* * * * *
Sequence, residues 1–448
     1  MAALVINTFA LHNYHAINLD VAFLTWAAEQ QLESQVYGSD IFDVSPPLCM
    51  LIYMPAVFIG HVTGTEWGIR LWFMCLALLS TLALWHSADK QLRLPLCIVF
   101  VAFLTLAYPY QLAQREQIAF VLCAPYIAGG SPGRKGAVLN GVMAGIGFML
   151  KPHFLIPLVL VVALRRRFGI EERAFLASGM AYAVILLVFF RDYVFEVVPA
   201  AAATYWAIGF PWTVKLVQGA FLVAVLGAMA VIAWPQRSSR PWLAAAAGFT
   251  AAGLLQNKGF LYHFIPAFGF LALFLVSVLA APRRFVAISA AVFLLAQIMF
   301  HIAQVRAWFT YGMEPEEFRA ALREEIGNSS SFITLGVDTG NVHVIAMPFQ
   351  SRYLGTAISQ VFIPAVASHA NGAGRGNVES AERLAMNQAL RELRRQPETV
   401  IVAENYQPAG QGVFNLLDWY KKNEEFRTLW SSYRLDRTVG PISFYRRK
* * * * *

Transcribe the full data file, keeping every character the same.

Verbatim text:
Sequence, residues 1–448
     1  MAALVINTFA LHNYHAINLD VAFLTWAAEQ QLESQVYGSD IFDVSPPLCM
    51  LIYMPAVFIG HVTGTEWGIR LWFMCLALLS TLALWHSADK QLRLPLCIVF
   101  VAFLTLAYPY QLAQREQIAF VLCAPYIAGG SPGRKGAVLN GVMAGIGFML
   151  KPHFLIPLVL VVALRRRFGI EERAFLASGM AYAVILLVFF RDYVFEVVPA
   201  AAATYWAIGF PWTVKLVQGA FLVAVLGAMA VIAWPQRSSR PWLAAAAGFT
   251  AAGLLQNKGF LYHFIPAFGF LALFLVSVLA APRRFVAISA AVFLLAQIMF
   301  HIAQVRAWFT YGMEPEEFRA ALREEIGNSS SFITLGVDTG NVHVIAMPFQ
   351  SRYLGTAISQ VFIPAVASHA NGAGRGNVES AERLAMNQAL RELRRQPETV
   401  IVAENYQPAG QGVFNLLDWY KKNEEFRTLW SSYRLDRTVG PISFYRRK